Before Phil Lord and Chris Miller hit big with the one-two punch of Cloudy With A Chance Of Meatballs (2009) and 21 Jump Street (2012), they were probably best known for creating, along with Scrubs creator Bill Lawrence, the cult animated series Clone High. First airing for one season on Canadian TV and then only getting a portion of its run broadcast on MTV before getting cancelled due to low ratings, the show centered on the teenage clones of John F. Kennedy, Cleopatra, Abe Lincoln, Joan of Arc and Gandhi, all attending a high school controlled by a shadowy organization known as the Secret Board of Shadowy Figures. Although it did not reach much of an audience initially, the show’s reputation and fan base have grown over the years.
For Lord and Miller, the show has not been far from their hearts either. While doing the publicity rounds for their latest film, 22 Jump Street, the pair told Collider that they have been thinking about possibly moving the show to the big screen. But there are some hurdles that will first need to be cleared.
Miller: We talk very regularly now with Bill every few months or so, we talk about ‘How are we going to get this back in whatever form we can?’ We get our lawyers to talk to each other, and business affairs people to talk to each other. It’s very complicated.
Lord: And then we get tired.
Miller: It’s very hard (laughs). Because it’s at Viacom/MTV, we have a TV deal at Fox, he has a TV deal at Warner Bros. It’s all very complicated, and then it’s ‘should we do a movie, or a TV show, or whatever?’ But, we’re working on it! It’s hard!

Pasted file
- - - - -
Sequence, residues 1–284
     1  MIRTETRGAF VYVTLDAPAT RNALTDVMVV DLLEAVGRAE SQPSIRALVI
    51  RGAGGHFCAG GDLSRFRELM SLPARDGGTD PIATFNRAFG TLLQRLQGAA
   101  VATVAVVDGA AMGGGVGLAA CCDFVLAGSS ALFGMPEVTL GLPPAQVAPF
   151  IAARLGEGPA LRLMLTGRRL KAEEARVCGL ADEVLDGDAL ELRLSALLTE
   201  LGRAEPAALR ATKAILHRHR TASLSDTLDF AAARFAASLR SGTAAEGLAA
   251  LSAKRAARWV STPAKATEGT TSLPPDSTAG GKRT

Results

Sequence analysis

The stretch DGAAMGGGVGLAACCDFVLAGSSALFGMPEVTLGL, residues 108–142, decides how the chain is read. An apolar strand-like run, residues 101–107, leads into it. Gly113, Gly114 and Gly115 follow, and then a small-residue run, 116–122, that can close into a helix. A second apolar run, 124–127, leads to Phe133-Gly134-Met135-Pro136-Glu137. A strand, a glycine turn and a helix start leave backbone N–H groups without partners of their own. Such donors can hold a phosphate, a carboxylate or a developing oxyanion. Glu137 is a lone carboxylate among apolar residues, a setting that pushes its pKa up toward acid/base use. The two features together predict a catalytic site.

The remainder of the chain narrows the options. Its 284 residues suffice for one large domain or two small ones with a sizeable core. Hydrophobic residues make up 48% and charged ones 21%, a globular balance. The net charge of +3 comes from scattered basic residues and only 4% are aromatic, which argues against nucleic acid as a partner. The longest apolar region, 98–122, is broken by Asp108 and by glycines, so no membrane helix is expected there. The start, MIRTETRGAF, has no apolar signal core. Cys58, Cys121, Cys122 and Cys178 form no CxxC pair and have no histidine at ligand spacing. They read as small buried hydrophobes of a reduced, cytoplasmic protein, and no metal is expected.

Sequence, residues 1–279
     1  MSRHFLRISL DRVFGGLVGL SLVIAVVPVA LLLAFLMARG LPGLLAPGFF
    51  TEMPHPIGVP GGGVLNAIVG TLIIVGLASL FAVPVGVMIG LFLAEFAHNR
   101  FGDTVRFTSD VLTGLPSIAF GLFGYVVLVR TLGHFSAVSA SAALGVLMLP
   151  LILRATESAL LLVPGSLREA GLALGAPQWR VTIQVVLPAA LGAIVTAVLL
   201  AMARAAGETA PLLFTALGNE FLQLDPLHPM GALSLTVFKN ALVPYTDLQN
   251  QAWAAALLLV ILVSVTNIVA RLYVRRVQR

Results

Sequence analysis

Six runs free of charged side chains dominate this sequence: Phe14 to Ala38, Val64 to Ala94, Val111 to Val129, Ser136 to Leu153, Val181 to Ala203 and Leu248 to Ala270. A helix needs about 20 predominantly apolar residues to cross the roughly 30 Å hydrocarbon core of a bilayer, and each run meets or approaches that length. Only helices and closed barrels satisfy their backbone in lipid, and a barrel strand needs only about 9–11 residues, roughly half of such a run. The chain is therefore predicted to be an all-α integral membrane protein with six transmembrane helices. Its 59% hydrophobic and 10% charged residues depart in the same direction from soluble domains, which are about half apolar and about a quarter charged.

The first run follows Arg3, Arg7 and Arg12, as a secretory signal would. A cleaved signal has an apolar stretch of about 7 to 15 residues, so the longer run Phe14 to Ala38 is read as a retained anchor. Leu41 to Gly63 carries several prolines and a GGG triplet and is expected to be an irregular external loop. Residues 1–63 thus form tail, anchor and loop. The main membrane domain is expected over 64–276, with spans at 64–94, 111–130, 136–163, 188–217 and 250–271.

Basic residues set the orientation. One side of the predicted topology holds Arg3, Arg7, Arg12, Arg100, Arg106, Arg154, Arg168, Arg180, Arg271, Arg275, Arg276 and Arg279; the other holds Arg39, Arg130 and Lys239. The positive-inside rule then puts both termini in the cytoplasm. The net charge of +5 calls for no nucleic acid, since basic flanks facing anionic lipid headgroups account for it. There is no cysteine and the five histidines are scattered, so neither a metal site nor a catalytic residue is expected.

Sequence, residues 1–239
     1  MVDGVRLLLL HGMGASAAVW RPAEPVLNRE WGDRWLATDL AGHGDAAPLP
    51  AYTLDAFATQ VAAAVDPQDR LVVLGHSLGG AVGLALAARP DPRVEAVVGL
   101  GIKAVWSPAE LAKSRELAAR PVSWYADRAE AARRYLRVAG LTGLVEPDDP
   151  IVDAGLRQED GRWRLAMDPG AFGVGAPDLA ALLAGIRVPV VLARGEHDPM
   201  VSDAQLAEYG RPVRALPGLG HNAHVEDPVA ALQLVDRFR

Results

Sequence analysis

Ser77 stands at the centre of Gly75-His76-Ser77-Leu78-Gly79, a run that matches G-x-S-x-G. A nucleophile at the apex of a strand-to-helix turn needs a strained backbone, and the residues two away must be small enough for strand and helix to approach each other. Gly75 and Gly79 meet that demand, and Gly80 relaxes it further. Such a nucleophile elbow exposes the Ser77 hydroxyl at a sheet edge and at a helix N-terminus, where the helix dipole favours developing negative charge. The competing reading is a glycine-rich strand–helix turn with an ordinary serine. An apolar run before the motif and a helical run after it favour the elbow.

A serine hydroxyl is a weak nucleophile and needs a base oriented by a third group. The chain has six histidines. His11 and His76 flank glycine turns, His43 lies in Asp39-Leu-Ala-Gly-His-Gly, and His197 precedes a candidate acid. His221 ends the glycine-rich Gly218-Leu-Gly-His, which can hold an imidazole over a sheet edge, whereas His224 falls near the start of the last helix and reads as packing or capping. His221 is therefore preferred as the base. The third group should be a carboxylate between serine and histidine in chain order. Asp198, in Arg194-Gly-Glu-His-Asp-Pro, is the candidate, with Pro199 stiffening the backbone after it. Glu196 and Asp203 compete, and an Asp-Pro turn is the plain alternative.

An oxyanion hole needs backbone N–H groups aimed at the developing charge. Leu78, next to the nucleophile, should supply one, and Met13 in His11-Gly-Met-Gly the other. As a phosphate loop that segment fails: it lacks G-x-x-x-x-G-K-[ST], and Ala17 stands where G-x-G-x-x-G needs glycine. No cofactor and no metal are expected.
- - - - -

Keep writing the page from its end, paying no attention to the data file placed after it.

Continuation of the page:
But beyond just working through everyone’s contractual commitments, the pair state that there is the more practical consideration of exactly what shape would a movie version of the series take and to what kind of audience would they be trying to appeal to.
Lord: It’s also a tricky thing because we basically made a PG-13 TV series, and if you’re gonna do a movie you wonder, ‘Am I gonna have to justify the budget that it’s gonna take by trying to broaden this to a family audience, and is that gonna kill what was fun about the original thing?’ Because there’s so much blood in the original series (laughs).
Miller: And innuendo or whatever.
Lord: And JFK sex jokes. Are you going to wind up defanging it?
Miller: Are you gonna make it R? PG-13?
Lord: It’s trying to cross-reference what it’s gonna cost and what it’s gonna make.
Miller: [Hard R-rated animated films] I think is a hole in the marketplace, because people love R-rated comedies and there’s teen boys that love all the Family Guy, Simpsons-type of shows. There’s a market there for that.
Lord: The Simpsons Movie was PG-13. It had male-frontal nudity in it.
Miller: South Park movie was R. There’s a place that people are not occupying thinking that animated has to be family always, and I don’t think that’s true. I think [Sausage Party] is gonna do great. Those guys are so funny and talented.
If a Clone High feature were to come, it is still very far off.